2012 Rengay Contest results (with Judge's comments)

2012 Rengay Contest

Judge:   John Steveson



First Place ($100)




Beverley George, Australia

David Terelinck, Australia



holds the laughter

of a passerby                                    Beverley


     we snuggle deeper

     into home-spun angora               David


you tell me a story

in Pooh Bear’s

mumbly voice                                  Beverley


     unread pages

     marked with a snapshot

     of our last trip                             David


never able to discard

that crazy hat you bought me          Beverley


     rummage sale—

     how cheaply we priced

     those memories…                       David



One thing that makes this stand out for me is the harmonious blending of voices; both poets are on key throughout and neither dominates.  There are no snags to interfere with the flow of images through the entire piece. The individual verses stand up well enough but are immensely enhanced by their surroundings. I wonder if there is an intention to give a nod to an earlier rengay with this same title, by Garry Gay and Cherie Hunter Day.


Second Place    


Second Place


Celluloid Moon


David Terelinck, Australia

Beverley George, Australia


midnight screening

falling asleep beneath

a celluloid moon…                             David


     mae it was who said, too much

     of a good thing…is wonderful       Beverley


lifeboat drill—

a bloody mary sunset

on foreign seas                                    David


     spinning globe…

     the lives and errant dreams

         of strangers                                    Beverley


the rightness of the voice

that says sorry, wrong number           David



     are what we have

     to save us from ourselves               Beverley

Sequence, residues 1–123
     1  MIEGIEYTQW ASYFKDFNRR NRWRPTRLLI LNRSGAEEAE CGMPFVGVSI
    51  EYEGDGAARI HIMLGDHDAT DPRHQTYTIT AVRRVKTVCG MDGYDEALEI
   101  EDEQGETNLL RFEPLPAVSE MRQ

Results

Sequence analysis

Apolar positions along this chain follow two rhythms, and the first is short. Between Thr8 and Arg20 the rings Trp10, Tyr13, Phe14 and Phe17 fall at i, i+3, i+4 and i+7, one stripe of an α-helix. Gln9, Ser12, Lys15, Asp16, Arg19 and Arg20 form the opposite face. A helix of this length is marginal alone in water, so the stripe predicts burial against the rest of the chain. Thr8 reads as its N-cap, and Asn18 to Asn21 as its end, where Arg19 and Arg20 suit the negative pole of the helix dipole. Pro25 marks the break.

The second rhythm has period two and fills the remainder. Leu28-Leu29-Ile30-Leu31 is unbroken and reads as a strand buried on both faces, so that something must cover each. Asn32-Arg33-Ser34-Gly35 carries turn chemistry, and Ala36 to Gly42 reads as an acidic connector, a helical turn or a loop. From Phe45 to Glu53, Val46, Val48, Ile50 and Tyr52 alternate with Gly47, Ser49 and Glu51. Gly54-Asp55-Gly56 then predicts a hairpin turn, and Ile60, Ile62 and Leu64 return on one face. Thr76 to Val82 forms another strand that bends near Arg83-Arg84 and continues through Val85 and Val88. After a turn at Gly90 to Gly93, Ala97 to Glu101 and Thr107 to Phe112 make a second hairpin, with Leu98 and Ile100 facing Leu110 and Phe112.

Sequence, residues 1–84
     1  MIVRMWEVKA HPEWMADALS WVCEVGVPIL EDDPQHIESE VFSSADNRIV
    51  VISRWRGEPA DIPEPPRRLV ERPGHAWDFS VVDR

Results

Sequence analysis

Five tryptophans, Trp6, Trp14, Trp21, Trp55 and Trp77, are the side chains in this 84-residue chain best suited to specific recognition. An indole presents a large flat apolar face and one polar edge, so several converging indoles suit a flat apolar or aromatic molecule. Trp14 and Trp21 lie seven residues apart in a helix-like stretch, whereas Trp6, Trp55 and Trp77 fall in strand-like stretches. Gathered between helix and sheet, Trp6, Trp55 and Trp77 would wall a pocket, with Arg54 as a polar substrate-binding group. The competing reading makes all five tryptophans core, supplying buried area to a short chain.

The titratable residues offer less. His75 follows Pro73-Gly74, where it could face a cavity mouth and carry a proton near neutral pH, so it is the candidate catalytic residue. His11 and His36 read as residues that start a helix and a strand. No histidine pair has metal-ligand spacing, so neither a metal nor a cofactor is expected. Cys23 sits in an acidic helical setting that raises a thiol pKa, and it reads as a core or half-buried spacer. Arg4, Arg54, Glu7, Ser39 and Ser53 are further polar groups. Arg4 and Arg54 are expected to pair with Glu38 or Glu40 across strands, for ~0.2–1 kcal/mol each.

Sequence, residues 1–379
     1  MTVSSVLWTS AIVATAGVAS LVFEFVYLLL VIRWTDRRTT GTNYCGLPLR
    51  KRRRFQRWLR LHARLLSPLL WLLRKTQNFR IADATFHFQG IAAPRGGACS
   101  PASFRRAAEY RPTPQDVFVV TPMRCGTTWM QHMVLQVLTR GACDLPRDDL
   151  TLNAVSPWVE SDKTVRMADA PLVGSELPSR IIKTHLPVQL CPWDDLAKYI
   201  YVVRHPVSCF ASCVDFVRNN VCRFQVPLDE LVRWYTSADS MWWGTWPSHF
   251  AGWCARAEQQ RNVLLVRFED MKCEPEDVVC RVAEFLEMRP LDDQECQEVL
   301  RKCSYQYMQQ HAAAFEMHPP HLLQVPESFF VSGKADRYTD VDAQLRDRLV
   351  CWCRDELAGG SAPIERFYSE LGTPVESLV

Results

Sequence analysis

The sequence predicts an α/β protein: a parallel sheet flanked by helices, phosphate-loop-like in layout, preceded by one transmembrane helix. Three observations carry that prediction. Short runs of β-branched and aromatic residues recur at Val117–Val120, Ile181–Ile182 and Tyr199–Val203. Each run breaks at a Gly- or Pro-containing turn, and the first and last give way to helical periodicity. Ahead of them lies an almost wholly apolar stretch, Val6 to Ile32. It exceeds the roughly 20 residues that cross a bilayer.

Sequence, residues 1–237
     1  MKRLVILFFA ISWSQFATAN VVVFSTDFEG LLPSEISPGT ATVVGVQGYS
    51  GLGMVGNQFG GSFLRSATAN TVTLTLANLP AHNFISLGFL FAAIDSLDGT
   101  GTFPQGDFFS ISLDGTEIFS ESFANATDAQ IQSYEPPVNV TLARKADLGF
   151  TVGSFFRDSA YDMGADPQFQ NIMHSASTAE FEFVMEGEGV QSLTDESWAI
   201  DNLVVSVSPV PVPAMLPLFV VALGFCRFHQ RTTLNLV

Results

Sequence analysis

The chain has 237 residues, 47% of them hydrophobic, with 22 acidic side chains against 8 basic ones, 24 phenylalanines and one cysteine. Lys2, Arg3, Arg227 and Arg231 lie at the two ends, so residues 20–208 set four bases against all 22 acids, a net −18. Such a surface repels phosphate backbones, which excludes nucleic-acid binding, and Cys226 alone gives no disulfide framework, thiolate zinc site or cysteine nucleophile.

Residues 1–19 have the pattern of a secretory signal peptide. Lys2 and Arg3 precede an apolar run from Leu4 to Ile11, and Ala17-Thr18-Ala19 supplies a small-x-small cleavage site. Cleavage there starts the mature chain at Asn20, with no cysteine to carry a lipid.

This collaboration travels smoothly through a land of illusions. Since so much of it either relates directly to cinema or invokes cinema and since movies are rife with their own themes, this rengay has a spiky thematic quality that makes it stand out from the other offerings.



Third Place


Bubble Gum Bubbles


John Thompson, Santa Rosa, CA

Renée Owen, Sebastopol, CA


pink camellia

floating in a bowl

the layers of her dream                      John


waking at dawn

the front yard flamingo’ed                 Renée 


morning glow

what I know of love

I know from you                                John


day moon

the baby discovers

his toes                                               Renée  


popping the giant

bubble gum bubble                            John


before sleep…

in bedtime stories

even pigs fly                                       Renée



The whole piece is “flamingo’ed” from beginning to end. Funny and sweet – a winning combination.



Honorable Mention 


The Sound of Frost


Angela Terry, Lake Forest Park, WA

Cara Holman, Portland, OR

Julie Warther, Dover, OH


breaking open

a fortune cookie

the sound of frost                                      Angela


what he says

what he doesn’t                                        Cara


woodpecker taps

he only pretends to know

Morse code                                               Julie


winter solstice…

twelve toots from the calliope                  Angela


approaching storm

a symphony

of wind chimes                                         Cara



she slams the door behind him                Julie



A gorgeous opening verse. I wonder if “the sound of frost” might, in some small way, relate to Robert Frost’s “sound of sense.” He sometimes gave, as an example of this, the way a conversation heard through a wall or a closed door can make sense even when the words are inaudible and one has only the rhythms and tones of speech to go on. The door slam in the last verse seems apropos.



Judge’s Comments:


My understanding of rengay is simple and, as a consequence, I applied a limited set of criteria. Rengay are written around a theme or, sometimes, multiple themes. Each verse should be capable of standing alone. And the interplay of the collaborating poets and of the various elements of the work is a central aesthetic value.


                                                                            John Stevenson